Marshall Jr. is an excellent addition to the Bears offense as he offers positional versatility to an offense needing help. Marshall Jr. is a very big receiver, and he can truly do it all. He is adept at catching the ball cleanly, has sound ball skills, runs excellent routes, and can punish defenses running with physicality after the catch.
Marshall Jr. is fast, and he could be a very explosive “YAC” guy in an offense that can get the ball in his hands on time. He can play out of the slot as well as outside, and he has shown the ability to attack and win at every part of the field while at LSU. Marshall Jr. has been the forgotten man with Chase and 2019 first-round pick Justin Jefferson getting all the publicity to this point, but his time is coming.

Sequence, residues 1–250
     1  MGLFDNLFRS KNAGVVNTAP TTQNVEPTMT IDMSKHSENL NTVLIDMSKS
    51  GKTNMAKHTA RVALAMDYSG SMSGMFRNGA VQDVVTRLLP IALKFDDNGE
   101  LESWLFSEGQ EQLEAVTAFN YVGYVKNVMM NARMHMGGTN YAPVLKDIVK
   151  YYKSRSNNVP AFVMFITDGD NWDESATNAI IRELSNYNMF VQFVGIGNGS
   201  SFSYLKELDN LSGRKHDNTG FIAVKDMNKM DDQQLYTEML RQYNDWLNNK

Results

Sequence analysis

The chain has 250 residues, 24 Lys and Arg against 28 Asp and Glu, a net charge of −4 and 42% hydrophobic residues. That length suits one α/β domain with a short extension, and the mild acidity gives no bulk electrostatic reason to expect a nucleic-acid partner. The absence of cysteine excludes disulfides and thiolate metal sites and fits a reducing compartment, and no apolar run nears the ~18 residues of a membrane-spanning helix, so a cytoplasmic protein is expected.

21) Indianapolis Colts
Alijah Vera-Tucker, OT, USC
The Colts need a replacement for retiring left tackle Anthony Castonzo, and that is where Vera-Tucker enters the picture. Vera-Tucker has played in a few different spots for USC, and he is incredibly versatile. He played left tackle in 2020, and he held up very well for the Trojans.
His story is similar to Slater, and the same length issues are here, but so is the plus athleticism that could allow Vera-Tucker to stay outside at tackle. Vera-Tucker is incredibly mobile, and his ability to get to the second level could help spring running back Jonathan Taylor, creating big runs for the Colts ground game.
22) Tennessee Titans
Jaelan Phillips, EDGE, Miami